Last year, we published a three-part blog series* that talked a lot about the future of call centers. Much has been said over the past years about the “death” of call centers, but so far, emerging technologies (e.g., VoIP technology, Web/voice integration, etc. ), updated digital marketing strategies (e.g. CRM platforms, etc.) and healthcare’s movement toward ACOs, Population Health and its continual search for cost reduction have kept call centers in the picture, albeit in a different structure and appearance than 20 years ago. Often, in an elevated position of importance to the health system.
A recent Slideshare from Xerox again raises the notion of the call center’s demise. The first sentence states, “It looks like the call center’s days are numbered.” Really? Let’s look at the information presented in the Slideshare.
According to a Xerox survey, 42% of the survey respondents said that call centers will be nonexistent by 2025. Ironically, the respondents also say that call centers are their preferred means of communication with an organization (25% of worldwide respondents, 31% of US respondents).
So, what’s next? Survey respondents believe that automated systems will be the replacement for call centers. After all, everything else is headed towards automation – why should customer service be any different?
Considering that over one-third of call center volume is due to failure of digital channels meeting the customer’s needs, and that each call that results from a digital channel failure costs $10, if automation becomes the de facto replacement for call centers, then automation has to get it right. In the Xerox survey, while 56% of respondents said they’re fine with using a virtual assistant, the problem is when they can’t find what they need with a virtual assistant, it necessitates a call – ironically – to the call center.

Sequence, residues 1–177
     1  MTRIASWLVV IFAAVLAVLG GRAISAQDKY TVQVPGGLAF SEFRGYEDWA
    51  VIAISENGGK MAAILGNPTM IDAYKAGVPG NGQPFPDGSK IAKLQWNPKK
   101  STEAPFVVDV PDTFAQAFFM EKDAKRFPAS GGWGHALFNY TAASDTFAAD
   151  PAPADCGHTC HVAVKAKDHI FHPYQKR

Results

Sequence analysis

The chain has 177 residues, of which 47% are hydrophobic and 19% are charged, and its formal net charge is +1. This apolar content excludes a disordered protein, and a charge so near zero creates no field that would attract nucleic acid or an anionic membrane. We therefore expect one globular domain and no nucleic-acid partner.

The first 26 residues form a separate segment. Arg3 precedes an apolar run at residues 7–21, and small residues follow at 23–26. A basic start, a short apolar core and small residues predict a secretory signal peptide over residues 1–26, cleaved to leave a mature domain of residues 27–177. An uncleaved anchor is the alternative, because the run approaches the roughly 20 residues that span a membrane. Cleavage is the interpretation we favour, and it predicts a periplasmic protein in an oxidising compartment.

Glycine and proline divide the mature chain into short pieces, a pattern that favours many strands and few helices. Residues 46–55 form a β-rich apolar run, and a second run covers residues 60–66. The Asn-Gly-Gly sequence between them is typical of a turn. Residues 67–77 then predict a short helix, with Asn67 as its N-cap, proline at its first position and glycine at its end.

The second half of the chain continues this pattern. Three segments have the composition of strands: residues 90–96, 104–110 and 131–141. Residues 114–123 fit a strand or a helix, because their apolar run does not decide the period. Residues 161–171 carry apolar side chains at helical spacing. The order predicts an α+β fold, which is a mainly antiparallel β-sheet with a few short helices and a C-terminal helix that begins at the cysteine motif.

The bottom line: Customers want to communicate with businesses and organizations in the fastest, most hassle-free manner possible. Businesses and organizations must keep an eye on costs while keeping customers happy. So until automated processes can meet or exceed human interaction, the call center will remain a viable option. And it may be that more call centers will evolve to a revenue-producing center.
How’s that, you say? As we noted in Part 2 of our series last year, as self-help options and user communities proliferate, only the most complex problems and issues will go to the call center. Thus, call center agents will need a wider range of skills – excellent communication skills, analytical problem solving skills, project management skills and technical training to be able to adapt to changes in technology. Today’s call center agents will have to become tomorrow’s “super agents,” able to assist customers with the most complex issues in the most efficient and effective manner. These super agents may help increase customer retention and may even provide a premium service for which customers are willing to pay because of the superior experience.
So, it appears that the end of the call center – as we know it – is on the horizon. But that’s not a bad thing, because its replacement will bring about quality, smart solutions, more and better relationships … and profit.
If your organization has a call center and you’re not already looking toward its future, you might want to start by identifying where your customer communication strategy is headed.
*Part 1: http://www.greystoneblog.net/the-call-center-sounding-a-death-knell-or-seeking-a-new-identity-part-1-where-weve-been-where-were-going/; Part 2: http://www.greystoneblog.net/the-call-center-sounding-a-death-knell-or-seeking-a-new-identity-part-2-moving-toward-the-call-center-of-the-future/; Part 3: http://www.greystoneblog.net/the-call-center-sounding-a-death-knell-or-seeking-a-new-identity-part-3-adapting-to-new-uses/